December 8, 2020•Advocacy Matters
December 8, 2020
State governments are issuing drafts or, in some cases, have issued their final COVID-19 vaccine distribution policies.
Much like access to ICU, ventilator, and other COVID-19 care, people with disabilities and our families have concerns about who may be first in line for the vaccine, how much it will cost, and will it be included on everyone’s health insurance plan. It’s absolutely clear there will not be enough vaccines from the current manufacturers to vaccinate every person in the U.S. or in the world for months.
Are vaccines even available yet in the U.S.? Not just yet, but they are coming. According to the Centers for Disease Control (www.cdc.gov/coronavirus/2019-ncov/vaccines), a limited supply of COVID-19 vaccines will be available this month, with supplies increasing in the weeks that follow.
Will the vaccines be free? There will be vaccines purchased with our tax dollars. Those doses will be free with only an administrative fee to give the shot. Otherwise, we will have to check with our public or private health insurance company. The Health Resources and Services Administration Provider Release Fund will have support for uninsured individuals.
The CDC recommends that we keep checking their website for more information and updates.
The CDC has also published its list of its allocation of the initial supplies of the vaccine. The CDC Advisory Committee recommends: 1) health care personnel, 2) individuals that live in long-term care facilities.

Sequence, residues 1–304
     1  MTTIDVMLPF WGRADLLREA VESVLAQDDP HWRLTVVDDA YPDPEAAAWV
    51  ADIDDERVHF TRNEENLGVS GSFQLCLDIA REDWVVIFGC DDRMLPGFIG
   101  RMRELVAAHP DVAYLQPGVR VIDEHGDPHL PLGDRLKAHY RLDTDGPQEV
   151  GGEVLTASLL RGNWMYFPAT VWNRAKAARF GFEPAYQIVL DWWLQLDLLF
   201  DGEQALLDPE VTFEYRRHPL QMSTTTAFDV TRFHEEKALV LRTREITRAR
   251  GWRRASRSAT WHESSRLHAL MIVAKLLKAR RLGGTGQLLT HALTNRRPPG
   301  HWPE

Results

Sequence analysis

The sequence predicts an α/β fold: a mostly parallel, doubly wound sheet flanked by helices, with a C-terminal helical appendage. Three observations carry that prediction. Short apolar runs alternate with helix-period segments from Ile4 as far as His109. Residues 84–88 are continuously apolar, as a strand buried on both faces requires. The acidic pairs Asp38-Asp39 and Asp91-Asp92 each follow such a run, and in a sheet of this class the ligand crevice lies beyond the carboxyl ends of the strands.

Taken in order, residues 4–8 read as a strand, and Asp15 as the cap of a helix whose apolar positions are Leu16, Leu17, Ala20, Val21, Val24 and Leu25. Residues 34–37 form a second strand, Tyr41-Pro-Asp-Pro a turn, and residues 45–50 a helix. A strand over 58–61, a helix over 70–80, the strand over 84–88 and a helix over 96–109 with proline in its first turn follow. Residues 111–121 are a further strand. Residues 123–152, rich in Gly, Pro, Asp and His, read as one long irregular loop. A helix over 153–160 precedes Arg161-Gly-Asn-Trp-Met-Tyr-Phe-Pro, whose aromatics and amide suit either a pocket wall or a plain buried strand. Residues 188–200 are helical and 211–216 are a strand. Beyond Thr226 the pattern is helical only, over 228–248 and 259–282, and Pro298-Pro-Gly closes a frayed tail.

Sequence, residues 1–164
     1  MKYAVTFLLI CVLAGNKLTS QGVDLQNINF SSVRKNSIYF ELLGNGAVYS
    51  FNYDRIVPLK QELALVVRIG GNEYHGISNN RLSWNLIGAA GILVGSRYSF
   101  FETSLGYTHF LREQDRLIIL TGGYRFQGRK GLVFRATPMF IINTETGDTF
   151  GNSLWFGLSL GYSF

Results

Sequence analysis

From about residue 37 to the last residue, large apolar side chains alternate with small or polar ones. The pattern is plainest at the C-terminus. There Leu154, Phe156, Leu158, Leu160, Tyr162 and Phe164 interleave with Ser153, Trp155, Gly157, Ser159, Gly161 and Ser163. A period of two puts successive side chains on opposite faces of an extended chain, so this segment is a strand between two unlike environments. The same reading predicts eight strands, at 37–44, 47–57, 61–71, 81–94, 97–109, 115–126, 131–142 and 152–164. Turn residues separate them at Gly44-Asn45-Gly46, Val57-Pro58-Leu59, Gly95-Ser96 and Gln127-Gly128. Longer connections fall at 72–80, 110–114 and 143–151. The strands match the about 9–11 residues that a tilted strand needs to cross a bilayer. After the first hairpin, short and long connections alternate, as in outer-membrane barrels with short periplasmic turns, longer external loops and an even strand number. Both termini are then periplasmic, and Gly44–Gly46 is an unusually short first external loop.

It is important that disability rights organizations, people with disabilities, provider associations, and our families are members of State Vaccination Task Forces. We are the ones who can best represent and inform our states in understanding the needs of people with disabilities.
It is important that people with disabilities are prioritized in state allocation plans. Many people with disabilities are in high-risk groups either because of our health condition or because we live in an institutional setting, like a nursing facility. Even individuals in group homes are at higher risk of infection.
It is also important to prioritize our health and mental healthcare workers. This includes our direct support care staff. A definition of health care worker must include our direct care support workers.
Plans cannot violate current federal and state civil rights laws or laws that prohibit discrimination in healthcare.
Stay tuned and stay informed with #AdvocacyMatters.